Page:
April 28, 2021
Media scrutiny, public awareness and customer concern about cyber threats, personal data compromises, identity theft and Internet fraud are on the rise across every sector of business, public and consumer life. As a result, digital security has become an issue with significant implications for the relationship between brands and their customers, suppliers, partners and investors.
Are CMOs stepping up to play their part in assuring brand trust, confidence and reputation in the connected economy with multiplying digital payment and customer engagement options? Are they effectively teaming with C-level peers to proactively engage key stakeholders in brand safety, privacy protection, threat deterrence and security compliance?
New CMO Council research indicates this might not be the case.
Related: Download our report, “Getting It Done In 2021”
There’s no question, multiplying challenges face today’s virtual enterprise seeking to secure and protect a distributed workforce, digitally dependent customers, at-risk supply chains, personally identifiable information (PII) and business continuity.
According to a new report based on a 2021 Global Digital Trust Insights Survey of over 3,200 business and technology executives by PwC, “new technologies and business models — and the fast pace of adoption — bring new risks. But, like the high-powered brakes on a racecar, cybersecurity makes high-speed digital change a lot safer.”
PwC notes that nearly all (96%) of survey respondents say they’ll adjust their cybersecurity strategy due to COVID-19. Half are more likely now to consider cybersecurity in every business decision — that’s up from 25% in PwC’s survey last year. Like CMOs, savvy chief information security officers (CISOs) need to be in step with the vision and goals of their enterprise as a whole, not just IT.
Most importantly, protocols and systems need to be in place to pre-empt, contain and recover from brand hijacking, customer data (PII) breaches, cybercriminal incursions, and internal security failures.
In a strategic brief on Why CMOs Should Care About Cyber Risk, Deloitte notes that “newer marketing strategies are likely opening the door to cyber risk, leaving organizations vulnerable to cyber breaches. Such attacks have the potential to compromise not only a brand’s reputation, negatively impacting loyalty and consumer trust, but also a brand’s ability to grow by acquiring new customers who may avoid a company that’s experienced a breach.”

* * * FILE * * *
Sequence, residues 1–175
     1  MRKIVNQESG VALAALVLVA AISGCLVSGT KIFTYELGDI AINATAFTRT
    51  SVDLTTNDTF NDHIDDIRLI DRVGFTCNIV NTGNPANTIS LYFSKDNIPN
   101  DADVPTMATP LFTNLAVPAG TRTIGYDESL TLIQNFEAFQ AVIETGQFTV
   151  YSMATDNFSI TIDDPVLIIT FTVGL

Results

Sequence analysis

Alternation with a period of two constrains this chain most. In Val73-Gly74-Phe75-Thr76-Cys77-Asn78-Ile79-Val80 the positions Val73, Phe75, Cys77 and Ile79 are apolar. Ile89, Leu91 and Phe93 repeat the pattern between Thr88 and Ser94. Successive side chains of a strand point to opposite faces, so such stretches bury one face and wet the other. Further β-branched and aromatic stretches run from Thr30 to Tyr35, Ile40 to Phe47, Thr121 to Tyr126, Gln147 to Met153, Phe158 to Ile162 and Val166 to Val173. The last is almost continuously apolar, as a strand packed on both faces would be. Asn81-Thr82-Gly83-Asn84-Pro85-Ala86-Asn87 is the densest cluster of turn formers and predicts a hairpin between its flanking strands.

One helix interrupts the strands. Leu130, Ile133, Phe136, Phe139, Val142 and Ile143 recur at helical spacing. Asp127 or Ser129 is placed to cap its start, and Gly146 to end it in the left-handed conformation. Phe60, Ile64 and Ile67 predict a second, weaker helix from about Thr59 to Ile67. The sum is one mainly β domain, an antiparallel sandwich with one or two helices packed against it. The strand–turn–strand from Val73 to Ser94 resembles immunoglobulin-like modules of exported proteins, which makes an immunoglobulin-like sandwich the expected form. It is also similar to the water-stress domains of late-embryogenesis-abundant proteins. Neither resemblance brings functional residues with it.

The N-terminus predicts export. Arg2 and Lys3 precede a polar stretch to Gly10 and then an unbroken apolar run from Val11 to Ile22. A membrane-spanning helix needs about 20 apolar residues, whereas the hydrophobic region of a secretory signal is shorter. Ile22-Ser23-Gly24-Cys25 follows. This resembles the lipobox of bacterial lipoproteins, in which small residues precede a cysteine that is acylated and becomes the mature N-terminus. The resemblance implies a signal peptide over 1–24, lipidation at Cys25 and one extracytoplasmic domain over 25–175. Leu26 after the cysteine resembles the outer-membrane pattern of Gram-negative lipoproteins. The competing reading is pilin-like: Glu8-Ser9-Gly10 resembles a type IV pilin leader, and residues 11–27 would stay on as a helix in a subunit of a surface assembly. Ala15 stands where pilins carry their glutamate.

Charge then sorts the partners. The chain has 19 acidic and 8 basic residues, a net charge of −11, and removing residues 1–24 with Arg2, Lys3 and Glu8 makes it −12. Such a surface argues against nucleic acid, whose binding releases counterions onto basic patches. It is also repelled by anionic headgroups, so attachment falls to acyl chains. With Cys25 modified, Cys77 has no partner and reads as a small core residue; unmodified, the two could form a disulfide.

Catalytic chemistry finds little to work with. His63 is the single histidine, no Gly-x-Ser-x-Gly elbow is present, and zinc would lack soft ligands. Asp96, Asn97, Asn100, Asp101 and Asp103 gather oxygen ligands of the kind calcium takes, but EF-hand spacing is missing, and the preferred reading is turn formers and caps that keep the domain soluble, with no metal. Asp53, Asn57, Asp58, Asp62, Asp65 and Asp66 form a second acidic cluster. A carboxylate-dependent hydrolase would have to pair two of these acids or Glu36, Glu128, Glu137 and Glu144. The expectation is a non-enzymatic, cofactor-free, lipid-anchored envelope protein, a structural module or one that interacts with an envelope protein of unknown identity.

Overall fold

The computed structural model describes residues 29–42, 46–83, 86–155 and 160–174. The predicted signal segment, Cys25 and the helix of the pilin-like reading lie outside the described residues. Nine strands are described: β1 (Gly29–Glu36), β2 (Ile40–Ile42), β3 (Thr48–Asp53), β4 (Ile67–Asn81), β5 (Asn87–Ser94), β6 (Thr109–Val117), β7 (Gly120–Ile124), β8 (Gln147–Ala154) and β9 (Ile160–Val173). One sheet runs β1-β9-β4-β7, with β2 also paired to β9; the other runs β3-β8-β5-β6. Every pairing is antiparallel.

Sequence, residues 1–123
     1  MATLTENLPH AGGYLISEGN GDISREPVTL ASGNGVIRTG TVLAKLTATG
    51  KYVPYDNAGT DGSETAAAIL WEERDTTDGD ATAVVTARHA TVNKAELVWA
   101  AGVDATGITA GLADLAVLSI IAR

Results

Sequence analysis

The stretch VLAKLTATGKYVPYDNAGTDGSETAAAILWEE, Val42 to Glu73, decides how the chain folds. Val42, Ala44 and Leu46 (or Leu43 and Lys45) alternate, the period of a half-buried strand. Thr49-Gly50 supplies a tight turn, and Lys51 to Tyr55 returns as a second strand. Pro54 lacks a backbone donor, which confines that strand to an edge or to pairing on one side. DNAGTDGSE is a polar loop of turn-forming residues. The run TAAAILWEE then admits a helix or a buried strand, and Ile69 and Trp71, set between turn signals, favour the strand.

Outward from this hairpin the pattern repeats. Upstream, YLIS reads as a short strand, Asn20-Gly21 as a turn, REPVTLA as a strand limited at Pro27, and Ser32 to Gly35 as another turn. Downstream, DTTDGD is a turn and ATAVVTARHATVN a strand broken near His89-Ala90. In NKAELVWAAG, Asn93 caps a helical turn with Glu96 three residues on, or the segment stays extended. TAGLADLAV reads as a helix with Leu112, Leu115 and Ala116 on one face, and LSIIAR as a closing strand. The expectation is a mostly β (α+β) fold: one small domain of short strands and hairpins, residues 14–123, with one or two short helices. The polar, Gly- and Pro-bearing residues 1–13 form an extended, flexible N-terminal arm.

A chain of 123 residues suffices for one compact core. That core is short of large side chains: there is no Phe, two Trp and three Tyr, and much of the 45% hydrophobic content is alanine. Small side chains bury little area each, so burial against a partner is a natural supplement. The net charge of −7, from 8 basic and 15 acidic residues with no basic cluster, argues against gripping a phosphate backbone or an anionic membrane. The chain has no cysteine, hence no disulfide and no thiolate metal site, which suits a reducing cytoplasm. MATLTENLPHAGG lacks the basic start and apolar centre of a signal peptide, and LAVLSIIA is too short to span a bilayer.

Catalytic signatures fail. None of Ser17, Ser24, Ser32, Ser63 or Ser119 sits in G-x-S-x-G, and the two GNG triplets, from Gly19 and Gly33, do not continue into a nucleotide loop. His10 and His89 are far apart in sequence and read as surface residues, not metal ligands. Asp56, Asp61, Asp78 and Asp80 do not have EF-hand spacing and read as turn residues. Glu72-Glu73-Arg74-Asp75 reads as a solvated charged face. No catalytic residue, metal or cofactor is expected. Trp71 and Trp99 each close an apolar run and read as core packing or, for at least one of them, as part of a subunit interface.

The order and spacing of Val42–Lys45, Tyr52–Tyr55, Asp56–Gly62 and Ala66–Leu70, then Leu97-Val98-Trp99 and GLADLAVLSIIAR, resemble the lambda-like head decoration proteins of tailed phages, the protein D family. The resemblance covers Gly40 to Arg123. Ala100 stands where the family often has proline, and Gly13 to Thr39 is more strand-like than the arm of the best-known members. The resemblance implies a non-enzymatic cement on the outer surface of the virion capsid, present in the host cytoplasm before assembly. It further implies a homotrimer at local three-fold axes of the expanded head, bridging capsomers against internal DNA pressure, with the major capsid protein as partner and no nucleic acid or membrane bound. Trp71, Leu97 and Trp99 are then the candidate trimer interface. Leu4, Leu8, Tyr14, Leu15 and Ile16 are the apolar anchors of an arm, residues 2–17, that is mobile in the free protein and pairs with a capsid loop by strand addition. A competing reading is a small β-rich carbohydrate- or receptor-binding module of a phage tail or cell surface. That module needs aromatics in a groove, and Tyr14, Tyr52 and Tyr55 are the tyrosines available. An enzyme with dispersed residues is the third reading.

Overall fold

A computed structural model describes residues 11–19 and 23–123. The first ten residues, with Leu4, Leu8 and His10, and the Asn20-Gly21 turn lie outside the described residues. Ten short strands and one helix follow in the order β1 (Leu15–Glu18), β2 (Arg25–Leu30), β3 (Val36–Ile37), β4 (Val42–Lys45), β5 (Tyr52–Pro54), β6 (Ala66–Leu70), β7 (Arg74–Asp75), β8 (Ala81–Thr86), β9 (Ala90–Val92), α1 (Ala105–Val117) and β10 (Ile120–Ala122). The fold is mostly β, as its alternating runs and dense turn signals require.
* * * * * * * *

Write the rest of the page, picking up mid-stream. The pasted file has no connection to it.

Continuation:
Deloitte’s report states: “Many consumer products companies appear to be operating with a false sense of security regarding cyber risk. This is suggested by the fact that even though 76 percent of consumer products companies perceive themselves to be adequately prepared for a cyber breach, a full 87 percent do not have an incident response plan that has been documented and tested in the past 12 months.”
This is reinforced by a global outlook study by the CMO Council’s Getting It Done in 2021, which found only 7% of 200 marketing leaders surveyed were concerned about brand safety and protection despite greater investments in marketing automation. When asked about capabilities needed in the year ahead, just one percent of survey respondents believed they need to improve brand protection and cybersecurity resilience.
This lack of concern seems to contradict the latest security economic indicators:
In our opinion, CMOs have an essential leadership role to fulfill in tandem with the CISO, CIO, CTO, COO and chief risk and compliance leaders. The CMO Council advocates this role includes:
It’s important to note that customers are prioritizing data security and privacy: 87% of consumers said they will take their business elsewhere if they don’t trust that a company is handling their data responsibly, according to a PwC study.
Customer trust and data privacy go hand-in-hand, but too many marketers don’t understand what’s involved in this digital handshake — nor what’s at stake. A data breach can reduce a company’s bottom line to shreds and tarnish its brand reputation for years.
Related: Get ahead of the disruption! Become a CMO Council Member today!
Donovan Neale-May is the Founder and Executive Director of the CMO Council, the Growth Officer Council (www.growthguidancecenter.com), and the Business Performance Innovation (BPI) Network (www.bpinetwork.org), a global community of executive change agents driving business reinvention, IT transformation, and process improvement across the enterprise.
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